The COP26 Summit is now complete, with mixed reactions about its ability to push through a game changing climate deal.

While there may have been several disappointments, one victory claimed was the agreement on Article 6 of the Paris agreement which clarifies rules for the creation of a government led international carbon credits market where Singapore had an important part to play in facilitating the negotiations.

Over the last several years, in the absence of such an international regulated market, voluntary markets have not only filled the vacuum and allowed the private sector to trade carbon credits, but also thrived and grown tremendously — 58% in the last year itself. The new development from COP26 brings good news to these voluntary markets, as it helps legitimise these efforts and increase the scrutiny on the quality of offsets. Voluntary markets will likely align with these regulations overtime, and this will help accelerate decarbonization by bringing much needed quality and scale to carbon offsets projects.

But the question remains, how can businesses that are serious and committed to achieving net-zero, use offsetting as a valid strategic tool?

Setting the record straight

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Carbon offsetting enables businesses to compensate for the unavoidable emissions by funding projects that remove, avoid, or reduce GHG emissions. If done right, offsetting can be a strategic tool for companies that are serious and committed to achieving carbon neutrality, by unlocking ambitious, short-term action. There is also scientific consensus that supports using high-quality carbon offsets, avoidance, and removals to neutralise residual emissions that have not yet been reduced by other means.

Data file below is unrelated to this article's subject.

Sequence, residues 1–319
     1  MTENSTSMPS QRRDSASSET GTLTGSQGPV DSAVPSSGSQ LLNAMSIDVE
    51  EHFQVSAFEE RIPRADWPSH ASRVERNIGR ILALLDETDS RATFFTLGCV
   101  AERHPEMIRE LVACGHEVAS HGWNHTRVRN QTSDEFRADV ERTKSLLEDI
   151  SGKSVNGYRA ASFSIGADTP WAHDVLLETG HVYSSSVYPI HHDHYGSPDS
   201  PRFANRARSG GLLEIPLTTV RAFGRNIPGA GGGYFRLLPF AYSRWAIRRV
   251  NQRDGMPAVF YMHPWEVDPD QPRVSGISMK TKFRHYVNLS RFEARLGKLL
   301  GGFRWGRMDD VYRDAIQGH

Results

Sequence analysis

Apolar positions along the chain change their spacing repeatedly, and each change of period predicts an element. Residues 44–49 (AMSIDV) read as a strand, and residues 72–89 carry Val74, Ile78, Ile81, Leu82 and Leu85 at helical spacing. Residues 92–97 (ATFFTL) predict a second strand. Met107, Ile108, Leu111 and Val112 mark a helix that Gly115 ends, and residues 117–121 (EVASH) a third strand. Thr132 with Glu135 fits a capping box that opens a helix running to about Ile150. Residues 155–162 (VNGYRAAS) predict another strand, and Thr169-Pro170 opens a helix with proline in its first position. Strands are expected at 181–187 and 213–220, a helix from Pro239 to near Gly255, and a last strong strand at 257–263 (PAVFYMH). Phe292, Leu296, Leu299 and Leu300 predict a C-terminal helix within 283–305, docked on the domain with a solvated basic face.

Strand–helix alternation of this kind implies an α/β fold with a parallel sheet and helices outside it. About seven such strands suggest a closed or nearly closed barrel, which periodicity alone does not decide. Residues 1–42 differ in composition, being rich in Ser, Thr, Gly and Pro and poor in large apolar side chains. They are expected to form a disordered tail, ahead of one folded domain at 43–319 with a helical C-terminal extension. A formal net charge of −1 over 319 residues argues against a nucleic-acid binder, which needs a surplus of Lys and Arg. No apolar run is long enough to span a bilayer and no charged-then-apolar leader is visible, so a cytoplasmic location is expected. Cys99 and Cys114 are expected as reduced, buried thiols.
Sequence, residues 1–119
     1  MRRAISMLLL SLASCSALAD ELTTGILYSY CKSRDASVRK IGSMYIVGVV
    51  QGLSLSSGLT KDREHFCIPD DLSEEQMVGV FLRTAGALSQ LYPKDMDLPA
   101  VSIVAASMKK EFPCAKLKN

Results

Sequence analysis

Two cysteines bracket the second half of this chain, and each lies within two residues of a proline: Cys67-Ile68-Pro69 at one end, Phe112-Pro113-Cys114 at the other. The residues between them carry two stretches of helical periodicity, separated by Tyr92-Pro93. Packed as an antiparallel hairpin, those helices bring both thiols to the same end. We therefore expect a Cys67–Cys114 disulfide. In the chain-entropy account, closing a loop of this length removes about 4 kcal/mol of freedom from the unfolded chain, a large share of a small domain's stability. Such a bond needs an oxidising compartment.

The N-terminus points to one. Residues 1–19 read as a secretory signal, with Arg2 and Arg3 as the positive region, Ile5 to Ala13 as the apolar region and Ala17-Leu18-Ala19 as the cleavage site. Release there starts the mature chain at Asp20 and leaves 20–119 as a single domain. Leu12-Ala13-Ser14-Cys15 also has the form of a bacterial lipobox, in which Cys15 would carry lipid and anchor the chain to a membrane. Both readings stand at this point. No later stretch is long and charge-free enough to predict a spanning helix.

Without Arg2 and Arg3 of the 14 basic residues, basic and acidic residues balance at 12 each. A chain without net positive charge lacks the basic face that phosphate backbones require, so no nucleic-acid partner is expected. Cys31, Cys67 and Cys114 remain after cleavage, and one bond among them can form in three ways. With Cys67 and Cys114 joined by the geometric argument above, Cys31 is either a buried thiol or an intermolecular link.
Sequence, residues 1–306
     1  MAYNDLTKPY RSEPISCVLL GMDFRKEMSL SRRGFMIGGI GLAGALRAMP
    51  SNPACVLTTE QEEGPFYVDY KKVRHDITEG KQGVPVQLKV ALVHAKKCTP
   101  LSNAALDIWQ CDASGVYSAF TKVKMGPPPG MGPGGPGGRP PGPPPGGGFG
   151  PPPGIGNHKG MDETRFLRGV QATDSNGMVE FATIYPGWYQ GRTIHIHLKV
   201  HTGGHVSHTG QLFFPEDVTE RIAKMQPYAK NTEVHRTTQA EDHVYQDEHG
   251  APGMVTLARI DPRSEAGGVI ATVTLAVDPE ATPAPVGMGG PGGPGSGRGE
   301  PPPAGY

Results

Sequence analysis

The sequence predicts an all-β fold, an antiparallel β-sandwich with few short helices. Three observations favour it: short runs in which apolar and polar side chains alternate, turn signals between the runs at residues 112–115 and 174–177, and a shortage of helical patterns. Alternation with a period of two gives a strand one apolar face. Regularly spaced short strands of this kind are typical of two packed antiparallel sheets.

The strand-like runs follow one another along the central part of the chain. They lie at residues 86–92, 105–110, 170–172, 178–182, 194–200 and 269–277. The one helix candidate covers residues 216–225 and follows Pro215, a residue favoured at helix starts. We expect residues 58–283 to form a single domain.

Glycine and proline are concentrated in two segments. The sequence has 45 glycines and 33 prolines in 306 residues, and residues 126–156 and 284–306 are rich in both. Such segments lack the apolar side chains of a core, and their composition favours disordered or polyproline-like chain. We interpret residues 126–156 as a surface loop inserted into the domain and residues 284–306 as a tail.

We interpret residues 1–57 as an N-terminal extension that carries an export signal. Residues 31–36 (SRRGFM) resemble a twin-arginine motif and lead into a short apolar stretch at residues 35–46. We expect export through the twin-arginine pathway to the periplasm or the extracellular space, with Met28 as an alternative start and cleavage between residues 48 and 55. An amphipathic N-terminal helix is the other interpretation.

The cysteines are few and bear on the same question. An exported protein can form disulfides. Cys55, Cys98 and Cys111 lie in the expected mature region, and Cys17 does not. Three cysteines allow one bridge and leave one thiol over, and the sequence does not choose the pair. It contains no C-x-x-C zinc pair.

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Carbon offsetting is a nascent and mostly voluntary market in APAC, but more and more businesses in APAC are starting to include offsets as part of their carbon neutrality strategies. Earlier this year, Grab and Gojek each launched carbon offsetting features for ride-hailing services, while the Association of Asia Pacific Airlines (AAPA) recently announced carbon offsets as part of its goal of attaining net-zero carbon emissions by 2050.

How can business leaders get started?

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To realise the full potential of offsetting — and hasten the transition to net-zero — a disciplined and strategic approach is needed, encompassing the following three areas: timing, quality, and procurement strategy.

  • Getting the timing right
The timing is largely influenced by the industry the business is in as well as market conditions available for organisations to decisively undertake internal reductions.

There are some benefits to introducing offsets at the early stages of an organisation’s decarbonisation journey. Offsetting early allows organisations to immediately tackle GHG emissions generated within their operations or supply chains, especially if they don’t have direct control of the emissions and/ or the ability to decarbonise immediately (e.g., scope 3). It is however critical to also pilot and invest in other decarbonisation levers together with this offset strategy. 

Organisations with high Scope 1 emissions should in turn focus on significant decarbonisation initiatives, especially if these are within the organisation’s operational control, while delaying offsets to phase in later.

Choosing the timing of offsetting is hence related to an organisations ability to immediately take action on decarbonisation levers.

Leaders must also keep in mind to follow the mitigation hierarchy that prioritises or at least does not compromise on internal reductions.

  • Ensuring offset quality
Besides timing, another important consideration is the ability to purchase good quality credits. The bad press surrounding offsets stems from reports about flawed systems and methodologies. How then can organisations determine the quality of the offsets purchased?